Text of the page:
Myopic Focus on Tuition and Debt is Missing the Bigger Deal

A wave of budget cuts and tuition increases across the country has put post-secondary education in the news in recent months.1 The tuition increases in particular have students rallying and protesting. This makes sense; they are in the midst of their programs and feeling the effects as they take on more paid work and larger student loans to finance the escalating costs of their education. They are staring down student debt that average almost $19,000, an increase from $15,000 ten years ago.2

The ideal is that everyone should have access to affordable post-secondary education. Youth are told they can’t “get anywhere” without it. Our federal and provincial governments state it’s needed to fuel a “knowledge based economy.” Our society and economy benefit from an educated population. So the more people we can get through post-secondary the better.


What’s interesting to me is that the argument for ceaseless expansion of post-secondary education functions as a very effective distraction from much more fundamental issues that are routinely overlooked or ignored by post-sec stakeholders. These include:

  • a lack of secure, quality jobs
  • significant increases in “precarious labour” (that’s crappy part-time, temporary and contract work)
  • credentials and relevant experience not as objective requirements to do a job well, but as “gate-keeping” or “screening” tools when there are too many qualified people chasing too few jobs

Good jobs are (it seems obvious to say) needed for economic survival. Yet the attention we focus on the education presumably needed to get these good jobs functions very well to obscure the reality that there are not so many good jobs to go around.

So you really have to wonder about this whole “knowledge economy” thing. Critics have argued (and from my own research I concur) that the knowledge economy and the skilled labour it requires is more about speculation than empirical certainty. Hence – like an ex of mine who talked a good game but just couldn’t seem to commit3 – the knowledge economy and all it promises is always coming, but never fully arrives.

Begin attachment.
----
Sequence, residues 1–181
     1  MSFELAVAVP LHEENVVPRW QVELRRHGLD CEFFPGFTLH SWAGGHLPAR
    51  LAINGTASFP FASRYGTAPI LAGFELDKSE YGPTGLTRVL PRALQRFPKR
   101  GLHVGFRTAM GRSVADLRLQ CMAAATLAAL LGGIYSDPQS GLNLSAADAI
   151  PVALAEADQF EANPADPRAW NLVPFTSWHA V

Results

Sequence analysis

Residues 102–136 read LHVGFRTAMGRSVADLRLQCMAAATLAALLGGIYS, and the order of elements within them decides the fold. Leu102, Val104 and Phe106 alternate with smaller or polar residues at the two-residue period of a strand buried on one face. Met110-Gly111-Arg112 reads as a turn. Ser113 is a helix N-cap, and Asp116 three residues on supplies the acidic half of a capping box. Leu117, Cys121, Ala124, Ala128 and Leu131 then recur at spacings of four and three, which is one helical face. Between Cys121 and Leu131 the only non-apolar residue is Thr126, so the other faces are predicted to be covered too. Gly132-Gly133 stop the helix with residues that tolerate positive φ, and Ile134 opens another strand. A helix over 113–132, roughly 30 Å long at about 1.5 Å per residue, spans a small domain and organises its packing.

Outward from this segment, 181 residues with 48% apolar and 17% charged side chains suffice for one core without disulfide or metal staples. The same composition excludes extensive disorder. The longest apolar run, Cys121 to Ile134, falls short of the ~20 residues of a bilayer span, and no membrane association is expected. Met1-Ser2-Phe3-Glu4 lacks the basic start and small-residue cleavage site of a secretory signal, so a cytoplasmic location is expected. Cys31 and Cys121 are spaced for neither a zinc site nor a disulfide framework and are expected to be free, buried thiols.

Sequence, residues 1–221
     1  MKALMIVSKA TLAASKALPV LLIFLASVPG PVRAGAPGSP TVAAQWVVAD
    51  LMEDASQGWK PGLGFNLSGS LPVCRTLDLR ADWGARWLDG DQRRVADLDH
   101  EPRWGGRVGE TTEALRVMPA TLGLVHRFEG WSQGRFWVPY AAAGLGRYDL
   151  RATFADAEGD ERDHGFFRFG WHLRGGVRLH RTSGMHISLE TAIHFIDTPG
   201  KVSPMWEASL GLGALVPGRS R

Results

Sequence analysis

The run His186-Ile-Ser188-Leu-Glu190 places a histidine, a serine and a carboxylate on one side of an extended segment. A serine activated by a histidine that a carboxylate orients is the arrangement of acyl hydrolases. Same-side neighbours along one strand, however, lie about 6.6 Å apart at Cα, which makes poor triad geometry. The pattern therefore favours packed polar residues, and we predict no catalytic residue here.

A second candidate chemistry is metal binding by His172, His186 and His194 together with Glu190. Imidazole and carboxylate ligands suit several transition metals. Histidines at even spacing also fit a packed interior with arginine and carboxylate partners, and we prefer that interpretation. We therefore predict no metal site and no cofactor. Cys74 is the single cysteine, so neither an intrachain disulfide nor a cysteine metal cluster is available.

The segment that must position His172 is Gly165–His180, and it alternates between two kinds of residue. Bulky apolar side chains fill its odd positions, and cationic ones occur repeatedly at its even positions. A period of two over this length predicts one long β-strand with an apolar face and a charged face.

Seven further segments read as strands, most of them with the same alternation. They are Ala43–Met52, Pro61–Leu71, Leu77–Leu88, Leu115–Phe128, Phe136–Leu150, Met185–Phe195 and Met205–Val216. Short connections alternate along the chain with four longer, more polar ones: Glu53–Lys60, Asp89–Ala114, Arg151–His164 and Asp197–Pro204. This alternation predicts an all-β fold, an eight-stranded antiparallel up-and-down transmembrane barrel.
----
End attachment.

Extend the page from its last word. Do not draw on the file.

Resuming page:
UK academics Brown, Hesketh and Williams made the following assertion in 2004: “The demand for high skilled, high wage jobs has been exaggerated. But it is something that governments want to believe because it distracts attention from thorny political issues around equality, opportunity, and redistribution.”4

So we can make all the noise we’d like about tuition increases, student loans, and threats to the quality of post-secondary education. But this is a myopic perspective that seeks to “fix” a system without challenging the veracity of its underlying logic. The questions we ought to be asking are more like these:

  • Why has expensive formal post-secondary education become the only route to “good” work, especially when it contributes, in many cases, to labour market mismatches, and over-qualification?
  • Why is useful continuing education and on-the-job learning available only to some working adults?
  • Why does our present political and economic system fail to provide all adults who need it with opportunities for decent, secure work at a living wage?
  • As Brown, Hesketh and Williams (2004) ask, when it comes to access to work and learning opportunities: What’s fair? What’s right?

We need to start thinking of education, continuing education, and work much more imaginatively. At present, the boundless expansion of post-secondary education is folly – an expensive leap of faith that can only reproduce present patterns of big winners and big losers in the pursuit of “good work.”5

1Recent media on Alberta’s post-sec tuition increases and cutbacks in the Calgary Herald:

2Statistics Canada (2010, January 29th). Study: The financial impact of student loans. The Daily. Retrieved February 14. 2010 from

3I’m over it… really. And no, Jerry, I don’t mean you! 🙂

4Brown, P., Hesketh, A., & Williams, S. (2004). The mismanagement of talent: Employability and jobs in the knowledge economy. New York and Oxford: Oxford University Press. (p. 6).

5It should be noted that on balance, the more education you have, the more you’ll earn. So I do not wish to overstate my case. But it is also true that measures of central tendency typically used to measure employment outcomes and education-related debt can obscure still-significant deviations from the “average.”


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